Abstract: An Industry of Enthusiasts: Users Make the Computer Personal, 1975-1981

Thomas Haigh

Abstract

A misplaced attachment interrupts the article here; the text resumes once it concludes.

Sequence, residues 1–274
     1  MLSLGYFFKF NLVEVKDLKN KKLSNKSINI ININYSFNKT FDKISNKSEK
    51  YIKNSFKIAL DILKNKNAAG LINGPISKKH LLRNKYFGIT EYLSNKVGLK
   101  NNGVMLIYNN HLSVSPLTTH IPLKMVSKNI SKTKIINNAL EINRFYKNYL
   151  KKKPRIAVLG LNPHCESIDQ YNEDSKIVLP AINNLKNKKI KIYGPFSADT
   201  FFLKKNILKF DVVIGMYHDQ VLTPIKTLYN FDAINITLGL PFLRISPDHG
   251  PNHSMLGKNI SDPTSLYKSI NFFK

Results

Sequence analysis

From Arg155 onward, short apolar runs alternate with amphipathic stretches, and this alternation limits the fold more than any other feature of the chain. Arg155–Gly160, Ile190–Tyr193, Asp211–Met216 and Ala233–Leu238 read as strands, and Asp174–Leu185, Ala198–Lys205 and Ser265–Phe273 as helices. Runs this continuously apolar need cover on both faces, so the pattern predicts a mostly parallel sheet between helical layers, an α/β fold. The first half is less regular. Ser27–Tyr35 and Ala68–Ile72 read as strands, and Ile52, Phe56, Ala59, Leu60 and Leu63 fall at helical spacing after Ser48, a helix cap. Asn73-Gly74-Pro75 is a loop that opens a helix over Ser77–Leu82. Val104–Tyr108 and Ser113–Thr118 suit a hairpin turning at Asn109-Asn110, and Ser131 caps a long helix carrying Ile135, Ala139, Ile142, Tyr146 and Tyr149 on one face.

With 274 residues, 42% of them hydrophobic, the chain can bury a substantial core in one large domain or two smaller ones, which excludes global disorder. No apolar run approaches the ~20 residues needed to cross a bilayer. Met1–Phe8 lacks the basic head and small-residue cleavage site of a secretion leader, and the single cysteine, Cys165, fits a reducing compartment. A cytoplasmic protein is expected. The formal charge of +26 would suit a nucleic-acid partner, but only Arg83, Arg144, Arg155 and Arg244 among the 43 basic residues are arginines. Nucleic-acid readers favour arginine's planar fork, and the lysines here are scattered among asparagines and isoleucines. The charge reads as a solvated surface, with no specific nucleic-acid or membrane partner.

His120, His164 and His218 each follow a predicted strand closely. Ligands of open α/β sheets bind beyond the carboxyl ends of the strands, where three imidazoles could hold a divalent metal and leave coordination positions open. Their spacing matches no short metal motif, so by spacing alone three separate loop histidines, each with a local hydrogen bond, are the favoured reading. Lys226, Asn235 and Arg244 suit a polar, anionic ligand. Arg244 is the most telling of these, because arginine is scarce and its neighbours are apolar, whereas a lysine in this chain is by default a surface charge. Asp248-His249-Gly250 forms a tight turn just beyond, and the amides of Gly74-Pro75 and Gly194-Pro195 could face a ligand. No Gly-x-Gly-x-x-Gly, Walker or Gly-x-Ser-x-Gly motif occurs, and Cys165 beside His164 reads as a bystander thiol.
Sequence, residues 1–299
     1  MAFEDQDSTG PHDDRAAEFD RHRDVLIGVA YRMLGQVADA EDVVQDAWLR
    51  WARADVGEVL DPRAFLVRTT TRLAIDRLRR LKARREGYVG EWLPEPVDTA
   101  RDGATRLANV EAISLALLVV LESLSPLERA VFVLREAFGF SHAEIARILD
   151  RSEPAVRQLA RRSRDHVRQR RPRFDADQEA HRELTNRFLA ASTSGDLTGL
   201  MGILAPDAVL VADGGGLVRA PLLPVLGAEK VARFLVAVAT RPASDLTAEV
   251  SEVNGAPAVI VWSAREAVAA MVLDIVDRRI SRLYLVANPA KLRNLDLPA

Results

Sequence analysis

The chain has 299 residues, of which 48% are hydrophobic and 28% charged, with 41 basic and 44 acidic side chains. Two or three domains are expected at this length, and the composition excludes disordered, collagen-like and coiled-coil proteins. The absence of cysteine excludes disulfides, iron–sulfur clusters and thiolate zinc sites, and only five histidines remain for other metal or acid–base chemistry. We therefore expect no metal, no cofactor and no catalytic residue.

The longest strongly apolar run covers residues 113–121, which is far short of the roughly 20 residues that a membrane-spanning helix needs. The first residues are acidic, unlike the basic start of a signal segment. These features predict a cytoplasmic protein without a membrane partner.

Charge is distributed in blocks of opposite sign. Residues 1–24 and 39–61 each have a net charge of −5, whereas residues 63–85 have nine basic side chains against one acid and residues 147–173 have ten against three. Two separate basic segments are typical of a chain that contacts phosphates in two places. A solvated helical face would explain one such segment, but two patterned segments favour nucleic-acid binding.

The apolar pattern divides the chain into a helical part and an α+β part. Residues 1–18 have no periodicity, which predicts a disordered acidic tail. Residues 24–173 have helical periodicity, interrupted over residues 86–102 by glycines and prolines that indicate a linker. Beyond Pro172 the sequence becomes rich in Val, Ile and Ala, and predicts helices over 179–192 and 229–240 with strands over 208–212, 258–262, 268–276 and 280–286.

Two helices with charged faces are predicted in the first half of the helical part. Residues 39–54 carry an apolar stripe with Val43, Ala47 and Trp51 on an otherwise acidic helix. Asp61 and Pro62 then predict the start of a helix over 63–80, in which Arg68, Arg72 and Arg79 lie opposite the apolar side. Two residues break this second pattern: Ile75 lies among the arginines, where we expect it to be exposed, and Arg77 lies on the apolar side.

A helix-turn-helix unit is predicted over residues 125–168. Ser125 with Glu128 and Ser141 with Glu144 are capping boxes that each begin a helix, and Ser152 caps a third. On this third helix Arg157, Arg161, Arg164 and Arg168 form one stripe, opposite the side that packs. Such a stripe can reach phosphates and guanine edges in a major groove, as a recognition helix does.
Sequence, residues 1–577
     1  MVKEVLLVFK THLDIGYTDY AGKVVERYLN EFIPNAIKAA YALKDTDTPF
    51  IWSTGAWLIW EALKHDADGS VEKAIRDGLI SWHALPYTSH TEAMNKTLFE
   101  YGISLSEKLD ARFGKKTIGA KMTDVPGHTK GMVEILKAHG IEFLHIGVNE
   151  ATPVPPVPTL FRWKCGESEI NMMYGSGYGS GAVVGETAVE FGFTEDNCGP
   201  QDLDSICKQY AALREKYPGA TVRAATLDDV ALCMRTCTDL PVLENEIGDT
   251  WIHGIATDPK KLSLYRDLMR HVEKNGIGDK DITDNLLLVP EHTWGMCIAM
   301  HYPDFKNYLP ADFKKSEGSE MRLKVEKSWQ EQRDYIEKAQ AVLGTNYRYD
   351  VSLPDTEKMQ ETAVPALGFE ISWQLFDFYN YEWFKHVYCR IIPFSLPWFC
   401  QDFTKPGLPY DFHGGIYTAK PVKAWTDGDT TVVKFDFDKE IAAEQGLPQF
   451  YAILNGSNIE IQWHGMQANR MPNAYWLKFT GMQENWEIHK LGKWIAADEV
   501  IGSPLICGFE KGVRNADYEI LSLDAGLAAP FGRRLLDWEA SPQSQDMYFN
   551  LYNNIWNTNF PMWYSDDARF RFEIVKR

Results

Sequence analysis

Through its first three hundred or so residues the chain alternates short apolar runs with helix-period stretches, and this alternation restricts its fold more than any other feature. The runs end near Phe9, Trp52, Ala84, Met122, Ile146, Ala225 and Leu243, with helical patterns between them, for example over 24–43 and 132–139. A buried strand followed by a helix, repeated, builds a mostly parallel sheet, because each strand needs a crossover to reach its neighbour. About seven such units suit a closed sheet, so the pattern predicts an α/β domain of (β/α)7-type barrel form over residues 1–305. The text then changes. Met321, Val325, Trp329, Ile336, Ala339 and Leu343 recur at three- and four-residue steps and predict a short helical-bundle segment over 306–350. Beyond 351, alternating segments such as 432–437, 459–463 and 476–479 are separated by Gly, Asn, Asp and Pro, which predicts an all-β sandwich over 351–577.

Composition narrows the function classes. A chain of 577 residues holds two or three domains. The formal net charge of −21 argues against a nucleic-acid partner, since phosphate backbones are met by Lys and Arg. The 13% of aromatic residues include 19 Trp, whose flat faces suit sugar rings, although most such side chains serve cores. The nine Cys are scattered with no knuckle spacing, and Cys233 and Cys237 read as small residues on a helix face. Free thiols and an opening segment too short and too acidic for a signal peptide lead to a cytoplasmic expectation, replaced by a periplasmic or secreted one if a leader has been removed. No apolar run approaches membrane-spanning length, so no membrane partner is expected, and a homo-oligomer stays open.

Crucial aspects of technological innovation and industrial creation take place through the apparently passive act of technological adoption. This paper examines the various ways in which computer enthusiasts contributed to the development of the personal computer industry, from its conception in 1975 to its early adolescence with the introduction of the IBM PC. This is particularly apparent here, since early personal computers were almost entirely useless. The only application supplied as standard on most models was BASIC programming. Because their suppliers lacked elaborate market research abilities, or good ideas on what ordinary people might do with a computer, users did most of the cultural and technical labor required to transform the personal computer into a reasonably useful and practical tool. The incredible flexibility of computer systems, achieved by adding additional hardware and by reprogramming, makes this an exceptionally good case in which to study user involvement. As is well known, electronics hobbyists were both the first users and the first suppliers of personal computers. But enthusiasts also founded the first personal computer dealerships, user groups, software companies, trade shows, newsletters, and magazines. I use the career of Dan Fylstra, publisher of VisiCalc (the firstspreadsheet program and by far the most successful early microcomputer application package) to illustrate the interplay of these institutions.